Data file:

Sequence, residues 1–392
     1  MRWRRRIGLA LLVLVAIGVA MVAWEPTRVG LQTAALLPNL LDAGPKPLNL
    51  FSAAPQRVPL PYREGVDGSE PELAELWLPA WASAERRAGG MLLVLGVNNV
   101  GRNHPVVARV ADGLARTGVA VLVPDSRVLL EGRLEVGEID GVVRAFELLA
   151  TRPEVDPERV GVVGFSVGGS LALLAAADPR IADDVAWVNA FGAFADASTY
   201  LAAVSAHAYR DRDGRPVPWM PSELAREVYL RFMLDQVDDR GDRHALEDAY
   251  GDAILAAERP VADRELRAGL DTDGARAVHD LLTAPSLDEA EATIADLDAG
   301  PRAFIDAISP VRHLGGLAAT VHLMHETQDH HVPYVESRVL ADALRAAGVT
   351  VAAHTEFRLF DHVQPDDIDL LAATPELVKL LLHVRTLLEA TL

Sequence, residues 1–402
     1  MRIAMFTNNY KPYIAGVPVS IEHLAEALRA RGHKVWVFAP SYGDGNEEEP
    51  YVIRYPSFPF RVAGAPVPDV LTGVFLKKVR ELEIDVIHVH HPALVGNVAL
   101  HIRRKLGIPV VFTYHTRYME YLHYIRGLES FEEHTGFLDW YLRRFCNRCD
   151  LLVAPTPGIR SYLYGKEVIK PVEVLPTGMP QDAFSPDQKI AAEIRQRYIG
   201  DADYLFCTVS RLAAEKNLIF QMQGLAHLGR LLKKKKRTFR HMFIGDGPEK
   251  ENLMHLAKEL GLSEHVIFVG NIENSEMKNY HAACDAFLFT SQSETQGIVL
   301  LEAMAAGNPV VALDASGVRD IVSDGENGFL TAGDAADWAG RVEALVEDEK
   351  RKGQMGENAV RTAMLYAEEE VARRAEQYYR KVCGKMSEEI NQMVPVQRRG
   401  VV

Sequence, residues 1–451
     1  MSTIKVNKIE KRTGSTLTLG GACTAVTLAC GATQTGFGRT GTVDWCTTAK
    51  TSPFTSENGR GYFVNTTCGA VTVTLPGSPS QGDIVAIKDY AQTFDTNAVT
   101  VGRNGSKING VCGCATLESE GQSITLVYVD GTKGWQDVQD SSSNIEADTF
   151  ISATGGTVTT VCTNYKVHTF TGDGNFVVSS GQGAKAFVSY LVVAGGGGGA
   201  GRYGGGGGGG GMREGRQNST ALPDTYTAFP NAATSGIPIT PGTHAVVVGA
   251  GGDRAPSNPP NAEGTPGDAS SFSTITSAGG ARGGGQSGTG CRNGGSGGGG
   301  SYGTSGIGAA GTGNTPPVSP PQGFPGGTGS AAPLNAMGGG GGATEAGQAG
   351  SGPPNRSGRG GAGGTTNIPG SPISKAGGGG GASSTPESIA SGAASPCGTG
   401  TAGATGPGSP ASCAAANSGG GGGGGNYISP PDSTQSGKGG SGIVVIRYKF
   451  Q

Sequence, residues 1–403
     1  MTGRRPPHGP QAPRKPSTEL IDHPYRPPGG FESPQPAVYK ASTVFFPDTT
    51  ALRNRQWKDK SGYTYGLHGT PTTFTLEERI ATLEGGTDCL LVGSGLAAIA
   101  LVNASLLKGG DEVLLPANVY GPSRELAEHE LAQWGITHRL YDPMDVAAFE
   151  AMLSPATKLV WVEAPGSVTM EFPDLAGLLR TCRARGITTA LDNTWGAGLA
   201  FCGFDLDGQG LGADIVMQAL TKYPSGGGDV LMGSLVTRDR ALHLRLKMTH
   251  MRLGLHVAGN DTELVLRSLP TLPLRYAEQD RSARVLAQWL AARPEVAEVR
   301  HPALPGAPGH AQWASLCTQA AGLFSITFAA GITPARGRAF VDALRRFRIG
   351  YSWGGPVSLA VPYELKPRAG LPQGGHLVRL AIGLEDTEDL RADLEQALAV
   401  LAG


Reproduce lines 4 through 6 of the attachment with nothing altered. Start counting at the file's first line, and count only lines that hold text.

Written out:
   101  GRNHPVVARV ADGLARTGVA VLVPDSRVLL EGRLEVGEID GVVRAFELLA
   151  TRPEVDPERV GVVGFSVGGS LALLAAADPR IADDVAWVNA FGAFADASTY
   201  LAAVSAHAYR DRDGRPVPWM PSELAREVYL RFMLDQVDDR GDRHALEDAY